By now you’ve probably read about the school district in Texas that wants to spend some large sum of money to outfit its high school students with RFID chips in their identification cards. RFID stands for radio frequency identification. Yes, indeed. You can now track students wherever they go. It’s not enough to have metal detectors, hall passes, detention areas, lunchroom and hallway monitors, bells to mark periods of the day, rule books you can sit on, zero-tolerance policies, rewards and sanctions for good and bad behavior, report cards, closed campuses, a panoply of punishments for sundry infractions, and quasi-judicial disciplinary procedures. Now we have radio-frequency identification cards that you are supposed to wear around your neck. Are the students institutionalized or what?
Here’s the big question no one wants to think about that much. Students who receive this institutional treatment spend their entire adolescence and then some in schools that train them to be passive and compliant. They are supposed to be ready for adulthood when they leave those schools. Whether they depart for college, a job, or some other destination after commencement, many eighteen year olds leave home highly familiar with a remarkably controlled environment. If we want them to be compliant citizens – in fact, so compliant we could hardly call them citizens – what would we do? We would create high schools like the ones we have now.
A lot of high school students would not even question the emphasis on obedience, monitoring, and control in their high schools. It’s all they know. From age eleven or so – when they enter middle school – through their high school years, the institutionalization becomes habitual, part of the daily routine. The only substantial difference between high school and middle school is that high school is bigger.
Another scary thing is that a lot of parents seem to like schools that operate like quasi-prisons. They like the lockdowns, police officers in the hallways, the locked doors and the check-in procedures. All these measures seem to keep the students safe. Parents like that. Keep people scared, and you can do anything to them. Keep them on edge, and they’ll accept anything. When you create a secure environment, you create an environment that is easy to control. When you create a controlled environment, you can give people the illusion of safety. Meantime, the balance of authority tips strongly toward rule-based behavior and away from unpredictable, freer modes of action.
If you wonder why adolescents seem to be under so much stress, look at the unnatural environment they encounter every day. It ain’t Summerhill. It’s not a place where they can grow towards freedom, or find their place in the world. Back when John Dewey argued for education reform, he noted how much our secondary schools resembled factories. The architecture resembled the multi-floor, brick sweatshops of the industrial revolution. More significantly, they had bells, just like our factories use to mark the beginning and end of a shift – factories graduates find themselves in after they earn a diploma. That’s effective acclimation for our youth, fellow citizens.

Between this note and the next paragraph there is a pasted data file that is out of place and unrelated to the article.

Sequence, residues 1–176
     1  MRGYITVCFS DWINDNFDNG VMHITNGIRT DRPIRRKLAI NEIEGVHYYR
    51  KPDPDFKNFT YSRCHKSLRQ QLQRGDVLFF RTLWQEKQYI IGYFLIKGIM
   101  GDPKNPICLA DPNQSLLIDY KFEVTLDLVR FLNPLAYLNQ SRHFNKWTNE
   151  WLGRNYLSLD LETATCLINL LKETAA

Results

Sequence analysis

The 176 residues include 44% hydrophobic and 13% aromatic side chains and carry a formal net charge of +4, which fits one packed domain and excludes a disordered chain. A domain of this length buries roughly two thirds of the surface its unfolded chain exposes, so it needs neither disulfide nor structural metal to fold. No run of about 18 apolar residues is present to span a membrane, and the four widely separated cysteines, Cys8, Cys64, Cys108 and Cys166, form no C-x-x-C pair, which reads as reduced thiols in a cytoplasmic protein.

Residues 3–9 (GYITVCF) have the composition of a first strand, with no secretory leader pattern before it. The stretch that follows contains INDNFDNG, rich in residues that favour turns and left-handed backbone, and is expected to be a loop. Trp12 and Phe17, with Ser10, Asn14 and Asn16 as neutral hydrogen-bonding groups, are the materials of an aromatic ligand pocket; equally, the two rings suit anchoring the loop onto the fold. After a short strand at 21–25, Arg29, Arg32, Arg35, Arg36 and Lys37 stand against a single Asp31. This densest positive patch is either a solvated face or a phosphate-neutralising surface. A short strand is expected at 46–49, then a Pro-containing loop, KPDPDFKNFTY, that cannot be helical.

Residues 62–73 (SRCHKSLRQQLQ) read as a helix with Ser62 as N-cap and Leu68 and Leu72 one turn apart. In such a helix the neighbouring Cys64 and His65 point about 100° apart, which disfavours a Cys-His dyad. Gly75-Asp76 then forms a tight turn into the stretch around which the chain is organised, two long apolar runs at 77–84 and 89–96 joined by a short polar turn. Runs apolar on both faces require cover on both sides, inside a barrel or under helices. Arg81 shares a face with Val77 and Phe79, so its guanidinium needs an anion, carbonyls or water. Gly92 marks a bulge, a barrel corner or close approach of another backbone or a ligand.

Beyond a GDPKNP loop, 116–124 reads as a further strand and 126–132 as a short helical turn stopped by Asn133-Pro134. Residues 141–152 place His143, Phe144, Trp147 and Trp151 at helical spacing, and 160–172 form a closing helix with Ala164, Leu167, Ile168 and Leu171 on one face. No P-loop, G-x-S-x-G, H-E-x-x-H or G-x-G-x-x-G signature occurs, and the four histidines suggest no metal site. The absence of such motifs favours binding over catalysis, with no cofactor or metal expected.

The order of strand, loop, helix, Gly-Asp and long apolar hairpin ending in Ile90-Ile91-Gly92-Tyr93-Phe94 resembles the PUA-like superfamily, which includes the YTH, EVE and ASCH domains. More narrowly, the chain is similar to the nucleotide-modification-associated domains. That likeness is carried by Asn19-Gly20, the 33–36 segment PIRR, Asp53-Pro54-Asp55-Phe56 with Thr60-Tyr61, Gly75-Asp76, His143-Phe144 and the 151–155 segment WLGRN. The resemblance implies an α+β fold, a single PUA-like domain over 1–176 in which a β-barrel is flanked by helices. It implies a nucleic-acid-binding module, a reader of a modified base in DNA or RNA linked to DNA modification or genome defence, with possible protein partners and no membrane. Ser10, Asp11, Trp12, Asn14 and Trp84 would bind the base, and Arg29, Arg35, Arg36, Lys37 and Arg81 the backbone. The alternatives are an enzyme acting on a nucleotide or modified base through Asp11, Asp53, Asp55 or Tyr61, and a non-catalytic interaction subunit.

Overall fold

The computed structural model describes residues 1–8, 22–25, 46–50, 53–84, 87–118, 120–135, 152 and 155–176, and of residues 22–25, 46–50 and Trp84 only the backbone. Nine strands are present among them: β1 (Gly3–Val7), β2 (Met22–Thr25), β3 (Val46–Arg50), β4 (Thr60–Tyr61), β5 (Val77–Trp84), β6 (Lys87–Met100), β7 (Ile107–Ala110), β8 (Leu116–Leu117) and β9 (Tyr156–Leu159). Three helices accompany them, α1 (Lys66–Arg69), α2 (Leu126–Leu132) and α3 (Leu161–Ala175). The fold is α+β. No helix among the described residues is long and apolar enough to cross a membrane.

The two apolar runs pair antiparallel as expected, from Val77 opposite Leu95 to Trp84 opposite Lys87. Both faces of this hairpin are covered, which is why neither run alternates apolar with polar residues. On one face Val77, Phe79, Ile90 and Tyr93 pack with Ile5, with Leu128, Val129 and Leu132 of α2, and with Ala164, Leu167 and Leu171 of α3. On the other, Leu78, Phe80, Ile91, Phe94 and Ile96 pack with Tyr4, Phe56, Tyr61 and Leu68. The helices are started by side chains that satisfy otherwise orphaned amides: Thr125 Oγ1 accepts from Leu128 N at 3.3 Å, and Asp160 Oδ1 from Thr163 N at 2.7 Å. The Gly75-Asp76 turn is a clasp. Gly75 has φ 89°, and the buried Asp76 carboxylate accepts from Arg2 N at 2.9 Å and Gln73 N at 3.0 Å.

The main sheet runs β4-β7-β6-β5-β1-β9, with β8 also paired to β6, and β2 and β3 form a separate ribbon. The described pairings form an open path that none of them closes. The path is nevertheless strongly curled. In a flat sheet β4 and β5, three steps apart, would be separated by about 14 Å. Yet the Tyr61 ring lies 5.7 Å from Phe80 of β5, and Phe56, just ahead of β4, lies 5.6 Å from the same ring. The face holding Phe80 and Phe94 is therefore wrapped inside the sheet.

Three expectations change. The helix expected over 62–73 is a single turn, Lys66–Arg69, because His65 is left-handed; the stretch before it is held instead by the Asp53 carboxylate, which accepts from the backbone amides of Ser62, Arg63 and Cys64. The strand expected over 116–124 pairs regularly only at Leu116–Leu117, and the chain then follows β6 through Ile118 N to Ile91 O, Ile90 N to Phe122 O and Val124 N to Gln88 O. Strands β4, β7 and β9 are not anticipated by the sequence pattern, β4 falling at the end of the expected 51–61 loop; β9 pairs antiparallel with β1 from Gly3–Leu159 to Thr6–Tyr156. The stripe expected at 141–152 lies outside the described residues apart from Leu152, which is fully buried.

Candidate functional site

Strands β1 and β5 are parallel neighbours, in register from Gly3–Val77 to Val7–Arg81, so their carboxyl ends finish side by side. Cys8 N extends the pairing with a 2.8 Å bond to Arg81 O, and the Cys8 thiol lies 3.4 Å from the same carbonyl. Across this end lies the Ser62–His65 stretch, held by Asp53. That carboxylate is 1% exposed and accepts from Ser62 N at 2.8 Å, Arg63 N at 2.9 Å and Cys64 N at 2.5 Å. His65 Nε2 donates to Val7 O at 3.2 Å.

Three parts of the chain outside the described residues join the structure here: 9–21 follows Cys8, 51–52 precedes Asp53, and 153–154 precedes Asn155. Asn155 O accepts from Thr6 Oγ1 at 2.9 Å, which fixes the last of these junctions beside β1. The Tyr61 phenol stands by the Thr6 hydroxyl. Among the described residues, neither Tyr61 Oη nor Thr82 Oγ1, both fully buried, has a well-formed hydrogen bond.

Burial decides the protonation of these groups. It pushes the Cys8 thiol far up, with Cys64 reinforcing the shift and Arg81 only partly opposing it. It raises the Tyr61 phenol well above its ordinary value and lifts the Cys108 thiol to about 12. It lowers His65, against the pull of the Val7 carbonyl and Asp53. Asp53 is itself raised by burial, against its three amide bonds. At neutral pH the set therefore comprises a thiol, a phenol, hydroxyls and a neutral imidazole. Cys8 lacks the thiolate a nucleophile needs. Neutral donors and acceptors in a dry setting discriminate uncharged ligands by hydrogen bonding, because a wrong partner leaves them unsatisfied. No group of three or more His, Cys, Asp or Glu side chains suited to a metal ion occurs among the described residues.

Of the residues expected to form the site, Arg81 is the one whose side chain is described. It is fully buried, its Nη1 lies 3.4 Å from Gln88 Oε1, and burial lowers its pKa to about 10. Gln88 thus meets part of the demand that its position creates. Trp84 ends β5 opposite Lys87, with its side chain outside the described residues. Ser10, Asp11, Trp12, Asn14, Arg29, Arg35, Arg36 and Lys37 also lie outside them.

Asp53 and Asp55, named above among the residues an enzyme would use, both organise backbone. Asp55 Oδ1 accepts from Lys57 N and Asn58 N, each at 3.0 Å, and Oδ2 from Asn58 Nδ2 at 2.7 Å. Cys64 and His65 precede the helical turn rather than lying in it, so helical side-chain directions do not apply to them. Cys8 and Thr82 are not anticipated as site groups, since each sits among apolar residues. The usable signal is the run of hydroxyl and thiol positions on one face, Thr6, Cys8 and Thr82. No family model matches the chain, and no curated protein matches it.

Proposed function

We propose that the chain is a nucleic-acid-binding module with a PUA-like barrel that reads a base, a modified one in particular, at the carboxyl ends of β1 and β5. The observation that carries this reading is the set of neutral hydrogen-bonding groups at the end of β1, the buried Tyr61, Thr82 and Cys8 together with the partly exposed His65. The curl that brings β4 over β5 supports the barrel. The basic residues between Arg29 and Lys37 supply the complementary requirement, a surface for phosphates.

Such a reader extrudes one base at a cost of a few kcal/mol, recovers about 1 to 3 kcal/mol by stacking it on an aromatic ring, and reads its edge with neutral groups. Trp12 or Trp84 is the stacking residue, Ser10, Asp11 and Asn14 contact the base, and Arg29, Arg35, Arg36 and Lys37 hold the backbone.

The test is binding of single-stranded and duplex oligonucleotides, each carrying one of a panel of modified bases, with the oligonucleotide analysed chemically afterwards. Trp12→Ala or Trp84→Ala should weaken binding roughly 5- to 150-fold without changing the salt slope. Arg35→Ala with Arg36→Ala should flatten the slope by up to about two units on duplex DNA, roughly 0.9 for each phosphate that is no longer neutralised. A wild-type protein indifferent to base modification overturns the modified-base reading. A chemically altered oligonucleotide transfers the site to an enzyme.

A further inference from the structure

John Dewey said that if we want educational institutions, let’s design them as schools, not factories. The idea of a campus developed: a place where people could think, learn, and grow. Few would call today’s secondary schools campuses. They acclimate youth to life in a nationial security state: a place where security and safety trump everything else, including freedom. It is a place that cultivates qualities they’ll need in a country that has campaigns like, “See something, say something.” We used to honor freedom and wide participation in public affairs. Now the state wants us to turn our neighbors in if we think they act suspiciously. It encourages compliance, passivity, and silence. Speak up only if you want to report something suspicious.
Ask the survivors of Waco how well the state tolerates people it perceives as a threat. Ask the people who joined the Occupy movement. If you voice your discontent – if you join with others to express your unhappiness pointedly but peacefully – you’ll feel a police baton come down hard on your back. If you didn’t learn to be quiet and orderly in high school, well, we’ll teach you now.
Steven Greffenius said:
Here’s a memorable footnote to the report from Texas about the new student ID cards. One female student declined to wear the card, saying this kind of technology is too intrusive. The school responded that if she did not wear the card, she could not vote for prom queen. The school rescinded other student privileges as well.
Brian Greffenius said:
The point is well taken and the factory analogy is apt. However, the RFID tags can only be read from 6 inches or so and are completely useless off campus. These were put in place to secure an accurate attendance count since federal funds flow based on this metric alone.
Beyond this, the innovative economy of the future will not be rendered most successfully in the ‘lock down’ high school so described. RFID tags are also dehumanizing and I am certain have become a part of student culture in insidious ways from an organizational behavior perspective. Nothing good will come of this – yet another unintended consequence of government involvement with education. The private sector would never consider RFID tags because parents would find them distasteful and institutions that implemented them would become less competitive.
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